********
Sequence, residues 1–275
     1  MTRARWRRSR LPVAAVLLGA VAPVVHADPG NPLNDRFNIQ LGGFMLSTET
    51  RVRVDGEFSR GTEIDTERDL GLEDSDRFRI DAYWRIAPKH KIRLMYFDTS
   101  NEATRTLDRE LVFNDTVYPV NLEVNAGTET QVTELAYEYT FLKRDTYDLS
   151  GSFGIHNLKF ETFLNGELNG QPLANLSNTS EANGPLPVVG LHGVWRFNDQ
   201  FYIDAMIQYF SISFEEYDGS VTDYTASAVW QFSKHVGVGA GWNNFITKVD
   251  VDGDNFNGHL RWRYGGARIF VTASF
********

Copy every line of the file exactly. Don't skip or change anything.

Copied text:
Sequence, residues 1–275
     1  MTRARWRRSR LPVAAVLLGA VAPVVHADPG NPLNDRFNIQ LGGFMLSTET
    51  RVRVDGEFSR GTEIDTERDL GLEDSDRFRI DAYWRIAPKH KIRLMYFDTS
   101  NEATRTLDRE LVFNDTVYPV NLEVNAGTET QVTELAYEYT FLKRDTYDLS
   151  GSFGIHNLKF ETFLNGELNG QPLANLSNTS EANGPLPVVG LHGVWRFNDQ
   201  FYIDAMIQYF SISFEEYDGS VTDYTASAVW QFSKHVGVGA GWNNFITKVD
   251  VDGDNFNGHL RWRYGGARIF VTASF